August has been the bloodiest month in Sri Lanka for five years. Hundreds of combatants have been killed and many more wounded in heavy fighting on the Jaffna peninsula. As was the case during President Chandrika Kumaratunga’s infamous ‘war for peace’ the details are obscured, but what is clear is that the Sri Lankan armed forces and the Liberation Tigers have clashed substantially. War reporting is a difficult matter, particularly when the battlefield is inaccessible and both sides are revealing little. But nonetheless, the fighting has dominated the headlines. The unfortunate consequence of that is the fascination with casualty figures and maps has obscured another grim consequence of Sri Lanka’s armed forces going to war: at least 160,000 civilians have been displaced, hundreds have been killed and many more are wounded.
Whilst trotting out the tired counter-insurgency rhetoric of ‘hearts and minds’ and a glib insistence that Tigers, not Tamils, are the target, Sri Lanka’s military has always been ready to punish the Tamils for the LTTE’s violence. There are several reasons for this. Some argue that the state is fuelled by a ‘just war’ mentality - ‘in defence of the Dharma’, as one respected academic put it. This goes back to the Mahavamsa and posits the Tamils as brazen interlopers on Sinhala soil. Of late, many international voices have been muttering about language rights and anti-discrimination measures as a step - in their misguided view, a big one - towards getting Tamils and the Sinhala-dominated state to accept each other. But the Tamils know it runs much deeper than that. The post-independence history of ethnic relations in the island is one framed by a paranoid, bitter majoritarian loathing of the non-Sinhala minority. It began with the 1956 Sinhala Only and is today enshrined in a majoritarian constitution, a racist bureaucracy and chauvinistic military.
This is why, despite its Buddhist pretensions, the Sinhala state invariably and swiftly resorts to a strategy of collective punishment when faced with what- in moments of forgetful sincerity - it calls ‘Tamil terrorism.’ Embargos on entire districts, bombardments of whole villages and towns, massacres of entire neighborhoods, pogroms. These are the tools Sri Lanka’s state intuitively deploys against the Tamils. The racism is manifest even in peace, though the starry-eyed peaceniks refuse to acknowledge the signs: the police statements in Sinhala the Tamils have to sign, the ready demand Tamil households - not all Sri Lankans, just the interlopers - must register at the local station. Even the Sri Lankan military’s websites publish in English and Sinhala only.
The massive forced displacements of the past month, and the earlier waves that began in April, have all been directed to punish the upstart Tamils for defying Sinhala rule. Some Tamil writers have again raised the charge of genocide. How else to describe a strategy of driving 160,000 Tamils from their homes and then denying them access to food and clean water? How else to describe the readiness with which heavy artillery and air strikes are unleashed against Tamil villages, places of worship and children’s homes? And what other logic can underpin the blocking of aid convoys to the displaced Tamils or the massacre of aid workers seeking to help?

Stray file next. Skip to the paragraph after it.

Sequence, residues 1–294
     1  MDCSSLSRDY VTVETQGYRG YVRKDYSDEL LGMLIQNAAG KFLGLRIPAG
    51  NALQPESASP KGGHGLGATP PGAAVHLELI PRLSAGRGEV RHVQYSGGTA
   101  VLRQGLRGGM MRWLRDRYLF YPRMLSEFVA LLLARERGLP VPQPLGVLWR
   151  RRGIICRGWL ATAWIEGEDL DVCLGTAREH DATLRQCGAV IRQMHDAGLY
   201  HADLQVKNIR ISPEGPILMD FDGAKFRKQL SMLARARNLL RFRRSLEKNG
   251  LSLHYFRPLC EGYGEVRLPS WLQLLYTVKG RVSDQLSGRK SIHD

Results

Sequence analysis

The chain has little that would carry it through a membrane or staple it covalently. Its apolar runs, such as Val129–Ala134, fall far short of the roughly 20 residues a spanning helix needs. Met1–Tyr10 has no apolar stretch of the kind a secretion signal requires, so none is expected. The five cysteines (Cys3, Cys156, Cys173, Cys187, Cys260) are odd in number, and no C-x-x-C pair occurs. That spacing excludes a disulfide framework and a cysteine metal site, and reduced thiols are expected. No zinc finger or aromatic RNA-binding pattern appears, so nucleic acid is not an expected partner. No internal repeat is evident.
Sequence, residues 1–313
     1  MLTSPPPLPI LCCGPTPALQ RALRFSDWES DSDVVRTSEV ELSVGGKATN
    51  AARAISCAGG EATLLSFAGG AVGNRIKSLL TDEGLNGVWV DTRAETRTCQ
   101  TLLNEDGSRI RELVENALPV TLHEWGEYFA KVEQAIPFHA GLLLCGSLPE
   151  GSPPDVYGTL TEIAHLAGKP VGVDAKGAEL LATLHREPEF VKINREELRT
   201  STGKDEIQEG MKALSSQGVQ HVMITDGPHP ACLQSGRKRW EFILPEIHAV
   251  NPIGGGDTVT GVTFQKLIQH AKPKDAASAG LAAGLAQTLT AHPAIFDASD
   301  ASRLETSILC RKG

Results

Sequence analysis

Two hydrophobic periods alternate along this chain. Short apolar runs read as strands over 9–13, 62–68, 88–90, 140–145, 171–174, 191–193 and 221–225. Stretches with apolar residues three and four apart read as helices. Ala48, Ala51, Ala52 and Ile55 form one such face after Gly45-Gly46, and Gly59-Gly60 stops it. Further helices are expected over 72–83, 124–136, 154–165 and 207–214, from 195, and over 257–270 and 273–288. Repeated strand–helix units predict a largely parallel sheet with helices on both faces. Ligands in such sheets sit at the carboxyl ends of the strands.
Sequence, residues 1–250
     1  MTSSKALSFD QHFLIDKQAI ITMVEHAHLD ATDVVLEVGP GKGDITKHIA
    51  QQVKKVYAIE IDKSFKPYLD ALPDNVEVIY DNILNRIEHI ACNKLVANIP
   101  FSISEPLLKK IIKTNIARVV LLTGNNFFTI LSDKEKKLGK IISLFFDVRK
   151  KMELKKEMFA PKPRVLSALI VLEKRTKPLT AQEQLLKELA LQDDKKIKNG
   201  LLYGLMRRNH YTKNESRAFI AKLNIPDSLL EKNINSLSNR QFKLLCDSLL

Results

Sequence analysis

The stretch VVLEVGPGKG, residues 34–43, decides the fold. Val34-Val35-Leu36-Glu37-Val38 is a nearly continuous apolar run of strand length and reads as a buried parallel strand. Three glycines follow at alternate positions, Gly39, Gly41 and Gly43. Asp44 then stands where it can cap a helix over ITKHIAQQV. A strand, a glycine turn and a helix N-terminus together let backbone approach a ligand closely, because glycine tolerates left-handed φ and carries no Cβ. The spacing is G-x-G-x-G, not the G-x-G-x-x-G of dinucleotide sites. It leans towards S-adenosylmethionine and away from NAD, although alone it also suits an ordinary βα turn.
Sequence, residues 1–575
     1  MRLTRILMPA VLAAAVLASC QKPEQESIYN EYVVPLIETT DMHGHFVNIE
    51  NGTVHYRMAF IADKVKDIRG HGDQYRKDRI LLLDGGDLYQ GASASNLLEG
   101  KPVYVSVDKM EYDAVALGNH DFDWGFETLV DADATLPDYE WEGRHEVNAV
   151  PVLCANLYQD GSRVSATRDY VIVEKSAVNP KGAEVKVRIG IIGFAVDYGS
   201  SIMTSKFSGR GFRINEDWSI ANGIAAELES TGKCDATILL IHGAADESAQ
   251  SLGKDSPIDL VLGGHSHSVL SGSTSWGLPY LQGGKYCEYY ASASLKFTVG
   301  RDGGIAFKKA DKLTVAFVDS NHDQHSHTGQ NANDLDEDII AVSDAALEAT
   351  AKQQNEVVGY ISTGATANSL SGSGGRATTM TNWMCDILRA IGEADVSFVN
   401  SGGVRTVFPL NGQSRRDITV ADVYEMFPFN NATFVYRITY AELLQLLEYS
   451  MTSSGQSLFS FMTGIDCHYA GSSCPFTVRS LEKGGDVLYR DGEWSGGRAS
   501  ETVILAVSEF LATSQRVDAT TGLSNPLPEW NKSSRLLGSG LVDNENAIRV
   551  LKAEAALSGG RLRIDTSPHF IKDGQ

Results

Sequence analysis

Amidst the international hand wringing over the slide back to war and natural prejudice against the LTTE that has underpinned so much patently useless analysis over the past few years, the reasons for the present escalation have been forgotten. Sri Lanka’s military started this war. It did so most openly on July 21 with a major ground offensive under the pretext of a closed water sluice, of all things. But that clash is the culmination of a three year cycle of shadow violence that has steadily grown in intensity.
The simple fact is that Sri Lanka’s government doesn’t give a damn for international opinion. For a very good reason: the state will always be backed, irrespective of its infractions. Peace conditionality collapsed because the international community gave itself too many excuses. Unfort-unately that has left the Tamil community as exposed (as it always was) to Sri Lanka’s racist ambitions. The violence will now soar. Sri Lanka, unfettered by notions of ‘legitimacy’ will prosecute the war. The LTTE will strike back. It is no good lamenting the slide to the war or calling for both sides to ceasefire. The international community must restrain the state.
Above all, it is the policy of collective punishment that must be stopped. Else Sri Lanka will establish its own norms and develop its own local dynamics. Internat-ional humanitarian law and other international norms will dissolve in a mutually intelligible cycle of atrocity amongst the island’s communities.